Spurred by urbanization, climate change, and globalization, mass disruptions are becoming more frequent. Megafires and market crashes. Civil conflicts and new strains of disease. For individuals, communities, organizations, and natural systems, resilience is a requirement for surviving the turbulence of the 21st century.
Fortunately, resilience is not an innate trait. It is a skill. It can be taught and learned, developed and practiced.
In her book, The Resilience Dividend (2014), Dr. Rodin explores how different people, communities, cities, and companies have built resilience all over the world, from the former drug and murder capital of South America, to the boardrooms of the most forward-thinking companies in existence. As different as these case studies may be, core characteristics consistently distinguish the resilient from the ruined:
- Awareness of strengths, weaknesses, and circumstances: capacity for continuous monitoring and mindfulness
- Diversity of ideas, capabilities, and sources of information; redundancy of critical processes, suppliers, and geographies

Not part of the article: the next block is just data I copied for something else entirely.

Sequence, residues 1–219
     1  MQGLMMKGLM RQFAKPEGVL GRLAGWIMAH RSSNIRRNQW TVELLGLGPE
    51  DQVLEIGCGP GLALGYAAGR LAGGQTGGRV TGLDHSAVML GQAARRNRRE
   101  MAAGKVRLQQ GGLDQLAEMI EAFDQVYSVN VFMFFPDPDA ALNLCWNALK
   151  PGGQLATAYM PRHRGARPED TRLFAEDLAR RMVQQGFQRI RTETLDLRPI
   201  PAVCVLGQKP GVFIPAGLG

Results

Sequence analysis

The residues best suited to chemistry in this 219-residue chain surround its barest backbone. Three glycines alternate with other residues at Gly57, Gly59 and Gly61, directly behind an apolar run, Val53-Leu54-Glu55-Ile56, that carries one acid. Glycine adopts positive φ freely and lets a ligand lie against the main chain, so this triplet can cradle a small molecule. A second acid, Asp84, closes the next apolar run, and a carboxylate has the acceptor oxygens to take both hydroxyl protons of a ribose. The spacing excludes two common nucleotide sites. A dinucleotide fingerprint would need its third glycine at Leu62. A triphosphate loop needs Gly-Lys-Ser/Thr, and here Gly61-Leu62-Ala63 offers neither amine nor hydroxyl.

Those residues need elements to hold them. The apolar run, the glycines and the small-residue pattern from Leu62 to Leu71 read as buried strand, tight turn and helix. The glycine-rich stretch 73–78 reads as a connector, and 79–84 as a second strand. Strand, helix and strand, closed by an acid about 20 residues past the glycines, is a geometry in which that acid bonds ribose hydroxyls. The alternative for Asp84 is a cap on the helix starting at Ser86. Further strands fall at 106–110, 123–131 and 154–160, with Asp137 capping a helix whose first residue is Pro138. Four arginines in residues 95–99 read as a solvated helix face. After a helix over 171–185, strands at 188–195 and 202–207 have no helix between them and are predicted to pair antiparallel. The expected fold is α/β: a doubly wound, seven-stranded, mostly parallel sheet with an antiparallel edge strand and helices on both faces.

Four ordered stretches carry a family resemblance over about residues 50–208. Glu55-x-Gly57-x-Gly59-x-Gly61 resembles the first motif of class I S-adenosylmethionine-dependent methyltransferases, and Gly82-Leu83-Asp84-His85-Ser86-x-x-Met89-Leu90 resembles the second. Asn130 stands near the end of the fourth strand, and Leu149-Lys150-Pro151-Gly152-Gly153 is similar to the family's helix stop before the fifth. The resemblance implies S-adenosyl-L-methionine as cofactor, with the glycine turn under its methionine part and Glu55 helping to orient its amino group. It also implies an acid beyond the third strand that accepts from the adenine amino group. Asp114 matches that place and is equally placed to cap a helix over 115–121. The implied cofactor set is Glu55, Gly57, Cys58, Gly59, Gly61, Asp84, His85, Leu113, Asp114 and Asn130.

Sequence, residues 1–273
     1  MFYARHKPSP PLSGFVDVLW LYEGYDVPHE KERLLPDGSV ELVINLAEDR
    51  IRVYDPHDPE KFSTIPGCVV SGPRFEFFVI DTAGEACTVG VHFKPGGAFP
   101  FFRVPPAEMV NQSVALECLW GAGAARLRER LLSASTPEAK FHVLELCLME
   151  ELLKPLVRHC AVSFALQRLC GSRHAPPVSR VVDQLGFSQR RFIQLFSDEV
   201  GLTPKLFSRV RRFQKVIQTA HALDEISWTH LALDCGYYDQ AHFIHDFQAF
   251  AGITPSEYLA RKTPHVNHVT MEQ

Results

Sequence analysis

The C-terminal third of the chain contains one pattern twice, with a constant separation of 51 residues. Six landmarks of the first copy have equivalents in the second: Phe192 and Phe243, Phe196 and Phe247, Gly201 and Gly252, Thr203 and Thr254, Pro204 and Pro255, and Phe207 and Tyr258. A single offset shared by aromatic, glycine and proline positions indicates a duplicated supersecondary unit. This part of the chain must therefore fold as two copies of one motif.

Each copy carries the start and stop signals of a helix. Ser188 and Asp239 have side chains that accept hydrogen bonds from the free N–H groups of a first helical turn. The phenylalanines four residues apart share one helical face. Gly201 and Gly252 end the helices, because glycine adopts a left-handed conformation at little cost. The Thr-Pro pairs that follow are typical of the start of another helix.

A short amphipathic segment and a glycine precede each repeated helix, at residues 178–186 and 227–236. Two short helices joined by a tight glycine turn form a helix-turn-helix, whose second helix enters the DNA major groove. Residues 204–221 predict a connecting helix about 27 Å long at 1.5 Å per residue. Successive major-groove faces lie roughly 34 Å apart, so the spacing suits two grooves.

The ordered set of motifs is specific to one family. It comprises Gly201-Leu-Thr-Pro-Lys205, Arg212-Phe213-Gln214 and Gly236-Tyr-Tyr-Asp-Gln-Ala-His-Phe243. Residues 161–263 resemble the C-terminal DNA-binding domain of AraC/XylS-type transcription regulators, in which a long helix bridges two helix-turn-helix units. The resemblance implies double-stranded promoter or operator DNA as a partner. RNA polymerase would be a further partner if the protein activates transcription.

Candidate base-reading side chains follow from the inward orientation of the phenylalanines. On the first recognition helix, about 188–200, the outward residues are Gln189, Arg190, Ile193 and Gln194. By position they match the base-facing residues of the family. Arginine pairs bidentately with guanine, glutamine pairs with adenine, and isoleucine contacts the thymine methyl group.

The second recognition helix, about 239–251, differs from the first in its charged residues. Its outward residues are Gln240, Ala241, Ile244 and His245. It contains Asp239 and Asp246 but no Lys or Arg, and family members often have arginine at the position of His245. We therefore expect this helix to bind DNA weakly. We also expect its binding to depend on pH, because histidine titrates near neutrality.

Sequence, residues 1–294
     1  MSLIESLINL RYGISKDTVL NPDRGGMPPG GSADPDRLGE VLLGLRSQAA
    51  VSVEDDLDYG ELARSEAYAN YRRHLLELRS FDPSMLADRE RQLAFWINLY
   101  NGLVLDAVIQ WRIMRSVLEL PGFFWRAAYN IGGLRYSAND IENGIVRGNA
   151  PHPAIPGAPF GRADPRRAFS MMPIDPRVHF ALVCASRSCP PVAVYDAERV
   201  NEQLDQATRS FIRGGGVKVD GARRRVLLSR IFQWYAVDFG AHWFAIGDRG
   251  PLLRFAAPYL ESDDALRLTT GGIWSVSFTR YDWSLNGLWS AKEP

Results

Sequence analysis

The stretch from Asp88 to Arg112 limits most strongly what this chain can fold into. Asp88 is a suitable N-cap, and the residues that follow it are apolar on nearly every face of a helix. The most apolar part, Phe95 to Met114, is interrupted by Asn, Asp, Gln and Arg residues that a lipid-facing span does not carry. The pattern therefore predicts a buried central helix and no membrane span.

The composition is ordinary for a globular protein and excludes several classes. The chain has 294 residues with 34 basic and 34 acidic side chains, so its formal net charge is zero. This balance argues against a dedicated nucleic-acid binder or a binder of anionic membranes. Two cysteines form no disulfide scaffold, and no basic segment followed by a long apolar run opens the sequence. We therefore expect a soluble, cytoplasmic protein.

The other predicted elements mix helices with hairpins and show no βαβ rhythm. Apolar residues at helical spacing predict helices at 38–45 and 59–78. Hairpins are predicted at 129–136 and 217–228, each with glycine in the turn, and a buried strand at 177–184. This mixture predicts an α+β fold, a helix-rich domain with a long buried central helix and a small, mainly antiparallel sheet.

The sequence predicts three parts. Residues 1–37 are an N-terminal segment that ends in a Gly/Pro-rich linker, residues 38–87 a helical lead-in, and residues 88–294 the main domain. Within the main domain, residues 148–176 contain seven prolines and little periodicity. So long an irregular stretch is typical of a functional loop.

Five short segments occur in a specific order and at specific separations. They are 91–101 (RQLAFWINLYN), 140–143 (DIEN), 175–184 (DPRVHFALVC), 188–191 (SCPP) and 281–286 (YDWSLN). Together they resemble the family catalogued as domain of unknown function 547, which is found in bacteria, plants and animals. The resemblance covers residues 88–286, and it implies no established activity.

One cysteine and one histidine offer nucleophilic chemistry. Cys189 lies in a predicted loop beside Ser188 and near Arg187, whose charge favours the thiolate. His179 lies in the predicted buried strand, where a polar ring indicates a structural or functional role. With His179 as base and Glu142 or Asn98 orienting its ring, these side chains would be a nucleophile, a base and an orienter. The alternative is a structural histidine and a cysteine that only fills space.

- Integration of information and functions; collective ownership, sharing, and transparency
- Self-regulation that enables failing fast, and safely, and rebounding more quickly
- Adaptability to fast-changing conditions; flexibility and nimbleness
Beyond building the capacity to avert some crises and bounce back more effectively when a crisis does occur, cultivating these characteristics produces what Dr. Rodin calls the resilience dividend: the capacity to take advantage of new personal, social, and economic opportunities that previously seemed out of reach, and to reap multiple rewards and outcomes for every investment made in resilience.
Dr. Rodin continues to teach and advise people, companies and governments around the world on how build social, structural, and natural resilience. She is currently working on a book about resilient leadership.